Then gradually, although her head is almost turned by the attentions of this good-looking man of the world, little things begin to bother the girl about him. She begins to wonder about his life, about his past, and one day while tidying up his room in his absence, she is impelled by curiosity to go through his trunk. In it she finds some clippings dealing with two or three isolated murder cases. A terrible instinct hits her. Then she is furious with herself for having such thoughts about the man who has become their benefactor. She tries not to think about it again, but again and again she returns to search his room and each time she finds something that makes her suspicion grow. Finally tucked away in a corner of his trunk she finds a pretty dainty chiffon scarf. A memory strikes her and she ruffles through the clippings to find the description of the most recent murder, that of a young girl which took place a couple of months earlier. The murder weapon had been a flowered chiffon scarf.
She slams the trunk shut and turns to run, but as she rushes out of the door Uncle Charlie comes in. Her eyes are unguarded and as she faces him for that brief instant he sees in her eyes that she knows he is the murder.
She is utterly torn between whether to hand him over to the police or whether to let things slide. If she hands him over to the police, the whole life of the little family, above all her mother's life, will be ruined for good and all. In a small town like Hanford such a scandal could never be lived down. The town would have been made a fool of, having opened its hospitable doors to a murderer. The revelation of the truth might even kill her mother. Feeling unable to bear this choice alone she tells her fiance about it and he turns out in this, her greatest crisis, to be a strong and solid prop. He does not try to force her to go to the police, understanding that she has to work that out alone, but he does stand by her in a way which welds them very closely.
The girl's one object while making her decision is to avoid Uncle Charlie, and Uncle Charlie's one object is to get her alone. Terrified, she realises that his only means of silencing her is to kill her. Several times he almost succeeds in getting her alone, once when he sends the whole family out to a movie and returns to the house, but she escapes out of her bedroom window, although she knows that this cannot go on for long.
Then Uncle Charlie arranges a large picnic in the foothills. They all drive out in cars across the desert floor and park below the towering, crumbling sandstone cliffs which are the beginning of the mountains. It is the gayest of picnics, but to the girl it is a haunted evening for she has decided that even if it kills her mother, she cannot let the murderer go free. Then by clever planning, when they start home Uncle Charlie manages so that the whole of the cavalcade of cars leave and start off into the sunset across the desert floor, no one realising that the girl has been left behind a little way up one of the cliffs they have been climbing. When the last car has driven off into the dusk and the evening silence has settled down over the desert, he begins to climb to meet her. Coming down she sees him approaching and knows that this is the end, that soon she will be found entirely crushed and broken at the foot of the crumbling rocks, the victim of a tragic "accident". She turns and, panic-stricken, struggles wildly up the crumbling hillside, but the man gains on her. She reaches the crest and turns as he comes toward her. They are on the edge of the cliff. Uncle Charlie's hands go out but the girl jumps aside. From a little below comes the sound of a sudden shout. The fiance has realised that the girl has been left behind and is racing up the hillside, Uncle Charlie makes a lunge but the shout startles him and he misses his hold just as the piece of cliff on which he is standing breaks away and falls carrying Uncle Charlie down with the mass of rocks and loose earth to crash to the desert floor below.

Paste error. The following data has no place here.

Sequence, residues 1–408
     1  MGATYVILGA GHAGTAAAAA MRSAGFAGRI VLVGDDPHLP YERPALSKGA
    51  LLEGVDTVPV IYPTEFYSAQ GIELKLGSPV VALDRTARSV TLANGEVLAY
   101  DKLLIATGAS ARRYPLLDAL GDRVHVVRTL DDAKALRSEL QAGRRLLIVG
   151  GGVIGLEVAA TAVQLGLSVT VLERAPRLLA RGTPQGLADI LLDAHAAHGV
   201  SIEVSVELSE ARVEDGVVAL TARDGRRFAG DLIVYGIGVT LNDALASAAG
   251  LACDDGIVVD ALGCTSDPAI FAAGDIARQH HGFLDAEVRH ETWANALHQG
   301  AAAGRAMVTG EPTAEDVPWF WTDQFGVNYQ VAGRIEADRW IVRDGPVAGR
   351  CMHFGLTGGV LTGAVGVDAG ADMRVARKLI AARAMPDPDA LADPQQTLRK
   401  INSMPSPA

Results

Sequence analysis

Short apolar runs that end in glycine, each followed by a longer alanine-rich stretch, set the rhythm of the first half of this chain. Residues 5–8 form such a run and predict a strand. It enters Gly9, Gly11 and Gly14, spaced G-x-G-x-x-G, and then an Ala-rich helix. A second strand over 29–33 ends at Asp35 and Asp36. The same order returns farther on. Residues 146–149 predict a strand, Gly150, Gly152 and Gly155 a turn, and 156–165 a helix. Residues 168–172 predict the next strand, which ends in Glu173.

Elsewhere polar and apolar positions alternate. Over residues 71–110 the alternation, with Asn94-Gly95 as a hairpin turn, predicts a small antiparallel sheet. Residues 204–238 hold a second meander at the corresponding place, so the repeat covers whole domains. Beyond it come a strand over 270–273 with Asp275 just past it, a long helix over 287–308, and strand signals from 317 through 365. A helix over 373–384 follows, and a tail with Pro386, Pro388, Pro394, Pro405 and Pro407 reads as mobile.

The broken body of the well-liked Uncle Charlie is brought reverently and tragically home to Hanford by a score of willing volunteers who rush out to the scene of the "accident". Condolences and glorious floral tributes pore into the grief-stricken little household and the whole of Hanford turns out to do honor to the guest in a funeral the like of which has seldom been seen in the small town. As they drive along in the funeral procession, the girl and her fiance are the only people who know what Uncle Charlie really was and what his death has spared the mother.